Biological scientists enjoyed very rapid gains in employment between the mid-1980s and mid-1990s, in part reflecting increased staffing requirements in new biotechnology companies. Employment growth should slow somewhat as increases in the number of new biotechnology firms slow and existing firms merge or are absorbed into larger ones. However, much of the basic biological research done in recent years has resulted in new knowledge, including the isolation and identification of genes. Biological scientists will be needed to take this knowledge to the next stage, which is the understanding of how certain genes function within an entire organism, so that gene therapies can be developed to treat diseases. Even pharmaceutical and other firms not solely engaged in biotechnology use biotechnology techniques extensively, spurring employment increases for biological scientists. Expected expansion of research related to health issues, such as AIDS, cancer, and Alzheimerís disease, also should create more jobs for these scientists. In addition, efforts to discover new and improved ways to clean up and preserve the environment will continue to add to job growth. More biological scientists, including some botanists, will be needed to determine the environmental impact of industry and government actions and to prevent or correct environmental problems, while some will find opportunities in environmental regulatory agencies. Botanists also will use their expertise to advise lawmakers on legislation for environmental protection and for ways to save environmentally sensitive areas. There will continue to be demand for biological scientists specializing in botany, zoology, and marine biology, but opportunities will be limited because of the small size of these fields.
Biological scientists are less likely to lose their jobs during recessions than are those in many other occupations because many are employed on long-term research projects. However, an economic downturn could influence the amount of money allocated to new research and development efforts, particularly in areas of risky or innovative research. An economic downturn could also limit the possibility of extension or renewal of existing projects.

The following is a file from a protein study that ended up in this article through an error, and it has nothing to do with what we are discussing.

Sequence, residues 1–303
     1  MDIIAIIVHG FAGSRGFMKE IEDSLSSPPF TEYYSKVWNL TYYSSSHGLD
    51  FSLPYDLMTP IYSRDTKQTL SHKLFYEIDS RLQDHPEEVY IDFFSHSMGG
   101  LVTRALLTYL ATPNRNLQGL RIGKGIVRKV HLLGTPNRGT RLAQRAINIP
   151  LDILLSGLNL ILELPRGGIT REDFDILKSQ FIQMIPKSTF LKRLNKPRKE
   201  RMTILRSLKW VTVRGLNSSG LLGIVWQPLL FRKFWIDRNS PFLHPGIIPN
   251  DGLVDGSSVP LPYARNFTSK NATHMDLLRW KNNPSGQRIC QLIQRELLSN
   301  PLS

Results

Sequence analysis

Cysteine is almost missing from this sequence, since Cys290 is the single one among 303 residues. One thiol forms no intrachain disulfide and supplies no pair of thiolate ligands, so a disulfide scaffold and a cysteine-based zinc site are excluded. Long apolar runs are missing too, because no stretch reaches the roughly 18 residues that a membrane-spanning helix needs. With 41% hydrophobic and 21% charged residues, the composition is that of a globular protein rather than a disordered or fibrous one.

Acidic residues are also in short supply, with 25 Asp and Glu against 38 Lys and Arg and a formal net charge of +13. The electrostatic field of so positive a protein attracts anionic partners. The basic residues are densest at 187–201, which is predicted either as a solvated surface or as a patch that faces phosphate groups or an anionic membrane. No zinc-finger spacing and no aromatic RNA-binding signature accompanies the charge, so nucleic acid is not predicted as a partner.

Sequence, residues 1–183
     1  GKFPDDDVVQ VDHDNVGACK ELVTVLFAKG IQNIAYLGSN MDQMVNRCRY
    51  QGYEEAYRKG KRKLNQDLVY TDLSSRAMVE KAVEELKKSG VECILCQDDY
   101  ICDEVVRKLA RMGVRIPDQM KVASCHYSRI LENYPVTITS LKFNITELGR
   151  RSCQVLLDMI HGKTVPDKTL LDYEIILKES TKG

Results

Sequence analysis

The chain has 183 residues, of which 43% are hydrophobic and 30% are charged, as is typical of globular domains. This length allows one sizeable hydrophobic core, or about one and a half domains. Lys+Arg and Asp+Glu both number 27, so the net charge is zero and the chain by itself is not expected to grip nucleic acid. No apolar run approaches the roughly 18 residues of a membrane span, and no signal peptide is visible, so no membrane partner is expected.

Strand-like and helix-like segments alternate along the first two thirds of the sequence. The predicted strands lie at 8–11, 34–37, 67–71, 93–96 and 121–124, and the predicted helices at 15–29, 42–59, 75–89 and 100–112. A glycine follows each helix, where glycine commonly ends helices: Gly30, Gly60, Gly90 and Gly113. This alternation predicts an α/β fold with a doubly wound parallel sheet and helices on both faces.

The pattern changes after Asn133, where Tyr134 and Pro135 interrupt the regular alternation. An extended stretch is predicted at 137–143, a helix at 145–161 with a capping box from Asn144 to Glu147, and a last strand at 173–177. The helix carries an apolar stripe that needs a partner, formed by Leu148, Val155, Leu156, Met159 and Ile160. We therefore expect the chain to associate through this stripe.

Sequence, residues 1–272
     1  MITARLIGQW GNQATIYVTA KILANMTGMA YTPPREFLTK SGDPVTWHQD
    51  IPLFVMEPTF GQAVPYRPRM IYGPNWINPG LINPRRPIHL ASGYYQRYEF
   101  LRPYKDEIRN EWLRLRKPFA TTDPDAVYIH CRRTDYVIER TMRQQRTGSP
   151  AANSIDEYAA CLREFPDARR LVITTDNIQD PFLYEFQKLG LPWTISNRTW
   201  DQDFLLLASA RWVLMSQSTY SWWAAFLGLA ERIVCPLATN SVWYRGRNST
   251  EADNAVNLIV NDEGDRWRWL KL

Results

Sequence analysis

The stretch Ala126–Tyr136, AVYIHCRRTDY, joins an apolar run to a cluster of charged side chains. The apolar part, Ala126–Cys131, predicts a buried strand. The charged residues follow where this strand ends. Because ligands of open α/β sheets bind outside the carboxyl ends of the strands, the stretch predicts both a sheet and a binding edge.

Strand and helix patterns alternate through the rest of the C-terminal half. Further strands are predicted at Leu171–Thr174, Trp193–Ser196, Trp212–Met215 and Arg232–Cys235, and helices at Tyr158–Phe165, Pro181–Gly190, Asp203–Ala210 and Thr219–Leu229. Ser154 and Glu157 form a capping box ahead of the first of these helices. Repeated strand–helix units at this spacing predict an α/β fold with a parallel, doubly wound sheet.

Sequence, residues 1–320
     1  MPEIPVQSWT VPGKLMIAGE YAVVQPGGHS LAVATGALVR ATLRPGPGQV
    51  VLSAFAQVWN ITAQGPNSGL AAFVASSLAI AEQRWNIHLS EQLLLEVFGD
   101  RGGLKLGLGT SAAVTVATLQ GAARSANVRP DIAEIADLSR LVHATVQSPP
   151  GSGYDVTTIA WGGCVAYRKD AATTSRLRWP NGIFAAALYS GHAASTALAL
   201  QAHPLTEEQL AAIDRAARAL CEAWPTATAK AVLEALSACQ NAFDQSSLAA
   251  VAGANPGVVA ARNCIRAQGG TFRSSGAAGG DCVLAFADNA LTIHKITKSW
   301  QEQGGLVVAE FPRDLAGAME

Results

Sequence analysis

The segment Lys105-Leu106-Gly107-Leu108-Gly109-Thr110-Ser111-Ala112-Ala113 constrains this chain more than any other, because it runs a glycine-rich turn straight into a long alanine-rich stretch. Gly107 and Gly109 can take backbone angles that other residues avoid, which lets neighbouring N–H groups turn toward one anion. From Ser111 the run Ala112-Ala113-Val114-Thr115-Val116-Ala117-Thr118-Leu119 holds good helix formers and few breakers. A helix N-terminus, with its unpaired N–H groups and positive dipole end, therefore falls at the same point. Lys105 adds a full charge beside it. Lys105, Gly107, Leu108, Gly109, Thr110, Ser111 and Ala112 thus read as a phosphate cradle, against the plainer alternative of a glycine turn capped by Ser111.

|Earnings||[About this section]||Back to Top|
Median annual earnings of biochemists and biophysicists were $60,390 in 2002. The middle 50 percent earned between $43,110 and $82,080. The lowest 10 percent earned less than $33,930, and the highest 10 percent earned more than $102,930. Median annual earnings of microbiologists were $51,020 in 2002. The middle 50 percent earned between $39,100 and $67,420. The lowest 10 percent earned less than $31,250, and the highest 10 percent earned more than $87,060. Median annual earnings of zoologists and wildlife biologists were $47,740 in 2002. The middle 50 percent earned between $37,100 and $58,040. The lowest 10 percent earned less than $29,260, and the highest 10 percent earned more than $71,270. Median annual earnings of biochemists and biophysicists employed in scientific research and development services were $64,390 in 2002.
According to the National Association of Colleges and Employers, beginning salary offers in 2003 averaged $29,456 a year for bachelorís degree recipients in biological and life sciences; $33,600 for masterís degree recipients; and $42,244 for doctoral degree recipients.
In the Federal Government in 2003, general biological scientists in nonsupervisory, supervisory, and managerial positions earned an average salary of $66,262; microbiologists, $73,513; ecologists, $65,207; physiologists, $85,181; geneticists, $78,652; zoologists, $90,178; and botanists, $55,727.
|Related Occupations||[About this section]||Back to Top|
Many other occupations deal with living organisms and require a level of training similar to that of biological scientists. These include medical scientists, agricultural and food scientists, and conservation scientists and foresters, as well as health occupations such as physicians and surgeons, dentists, and veterinarians.
|Sources of Additional Information||[About this section]||Back to Top|
For information on careers in the biological sciences, contact:
For information on careers in biochemistry or biological sciences, contact:
For information on careers in microbiology, contact:
Information on obtaining a biological scientist position with the Federal Government is available from the U.S. Office of Personnel Management (OPM) through a telephone-based system. Consult your telephone directory under U.S. Government for a local number or call (703) 724-1850; Federal Relay Service: (800) 877-8339. The first number is not tollfree, and charges may result. Information also is available from the OPM Internet site: http://www.usajobs.opm.gov.
|OOH ONET Codes||[About this section]||Back to Top|
19-1020.01, 19-1021.01, 19-1021.02, 19-1022.00, 19-1023.00, 19-1029.99
Last Modified Date: February 27, 2004